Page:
Philip Hammond's appointment as Foreign Secretary is a triumph for capable functionaries and Little Englanders.
It is less clear than ever what the Prime Minister would do with another five years in office.
Magna Carta and the Declaration of Arbroath, Boswell and Johnson, Walter Scott and Disraeli – Scotland and England have long mirrored each other in many ways, says Tom Holland.
Incomprehensible scholasticism, emanating from the nether darkness of academia where nothing grows, has contributed with its jargon to the left’s failure.
The NS Poem.
Erica Wagner on a new biography of the space pioneer.
The radio column.
Vivienne Westwood tells Mark Lawson about designing for Julian, hoarding instincts – and why people who care about news should never read newspapers.
A grim chase narrative, set in the Lake District at the turn of the 20th century, in which two characters known as the Priest and the Poacher pursue a speechless runaway and her stolen baby across the unforgiving landscape.
What Does It Mean to Be Gay Today? asks Julie Bindel in the subtitle of her new book. For me, it means enduring endless dull and pukey nights out on the scene, says Eleanor Margolis.
Leo Robson reviews three new works concerned with banned literature.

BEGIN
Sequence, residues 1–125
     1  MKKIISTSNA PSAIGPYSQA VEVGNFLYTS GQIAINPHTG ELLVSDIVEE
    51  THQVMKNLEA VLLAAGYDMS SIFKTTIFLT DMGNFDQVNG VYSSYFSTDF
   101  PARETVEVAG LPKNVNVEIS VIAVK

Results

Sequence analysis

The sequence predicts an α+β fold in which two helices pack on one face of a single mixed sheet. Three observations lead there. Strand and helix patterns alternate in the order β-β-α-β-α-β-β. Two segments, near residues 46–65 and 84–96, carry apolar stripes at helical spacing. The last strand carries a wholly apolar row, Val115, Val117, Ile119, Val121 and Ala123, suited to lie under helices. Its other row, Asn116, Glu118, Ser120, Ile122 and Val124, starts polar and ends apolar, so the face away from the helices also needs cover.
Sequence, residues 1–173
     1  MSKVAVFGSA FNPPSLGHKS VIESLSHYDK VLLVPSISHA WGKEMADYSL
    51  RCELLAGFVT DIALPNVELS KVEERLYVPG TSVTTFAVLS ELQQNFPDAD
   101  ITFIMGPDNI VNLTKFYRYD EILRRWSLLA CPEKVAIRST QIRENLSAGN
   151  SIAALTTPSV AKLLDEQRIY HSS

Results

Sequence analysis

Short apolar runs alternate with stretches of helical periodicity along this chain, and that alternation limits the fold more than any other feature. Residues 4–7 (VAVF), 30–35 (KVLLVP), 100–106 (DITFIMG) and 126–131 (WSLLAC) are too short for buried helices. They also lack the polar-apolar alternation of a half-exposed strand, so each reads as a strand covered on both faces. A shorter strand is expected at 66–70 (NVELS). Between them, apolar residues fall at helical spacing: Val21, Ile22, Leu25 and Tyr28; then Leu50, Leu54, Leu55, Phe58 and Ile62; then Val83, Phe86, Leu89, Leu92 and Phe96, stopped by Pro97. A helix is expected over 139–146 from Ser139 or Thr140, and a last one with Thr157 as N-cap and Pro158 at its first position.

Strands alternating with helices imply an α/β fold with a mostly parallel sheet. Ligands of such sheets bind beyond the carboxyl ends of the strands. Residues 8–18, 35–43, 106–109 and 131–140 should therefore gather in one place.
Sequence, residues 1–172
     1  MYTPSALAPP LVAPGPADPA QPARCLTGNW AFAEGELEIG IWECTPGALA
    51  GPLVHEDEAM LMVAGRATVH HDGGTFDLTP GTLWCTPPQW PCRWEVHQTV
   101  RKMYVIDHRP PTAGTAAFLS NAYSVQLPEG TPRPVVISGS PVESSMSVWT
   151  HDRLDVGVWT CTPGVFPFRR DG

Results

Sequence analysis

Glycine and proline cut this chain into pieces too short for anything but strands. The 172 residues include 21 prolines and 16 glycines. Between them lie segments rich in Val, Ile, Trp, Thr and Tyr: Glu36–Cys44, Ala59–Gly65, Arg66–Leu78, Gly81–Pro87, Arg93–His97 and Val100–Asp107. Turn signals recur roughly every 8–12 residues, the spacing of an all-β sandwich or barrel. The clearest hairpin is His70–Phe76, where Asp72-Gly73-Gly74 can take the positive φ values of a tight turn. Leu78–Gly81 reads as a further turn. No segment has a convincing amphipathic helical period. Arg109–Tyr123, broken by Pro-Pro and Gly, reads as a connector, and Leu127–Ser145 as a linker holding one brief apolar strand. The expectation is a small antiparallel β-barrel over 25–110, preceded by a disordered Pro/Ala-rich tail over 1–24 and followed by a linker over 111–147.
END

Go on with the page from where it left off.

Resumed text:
Nick Lezard's Down and Out column.
Disciplined it might be, but military music is awful. Luckily, there's greater depth to this season than a first glance suggests.
John Bew reviews The Deluge: the Great War and the Remaking of Global Order by Adam Tooze.
Claire Lowdon reviews Your Fathers, Where Are They? And the Prophets, Do They Live Forever? by Dave Eggers.
John Dolan spent almost two decades in the “revolving door” between homelessness and prison. That changed when he adopted George in 2009.
The reason I’m so excited David Mitchell is writing on Twitter is that he’s one of the few authors who really understands how the medium, as well as the message, makes the story.
The publisher who brought John Williams’s Stoner to Random House believes he has found its successor: a “hillbilly” from the US coal belt with a precious talent.
The Men Who Made Us Spend (Saturdays, 9pm) is a fascinating, well-researched series but be warned: it will make you want to punch the nearest wall. Plus: Britain’s Poshest Nannies.
The latest addition to the Planet of the Apes franchise is the toughest yet - the transition from playful ape and human interaction to bloody horror comes across as scarily plausible.
A new threat looms over northern Scotland as Scottish & Southern Electricity seeks to erect a further 47 wind turbines at Strathy South. This will directly imperil golden eagles, hen harriers and the rare wood sandpiper – estimated to number no more than a few breeding pairs in all of Britain.
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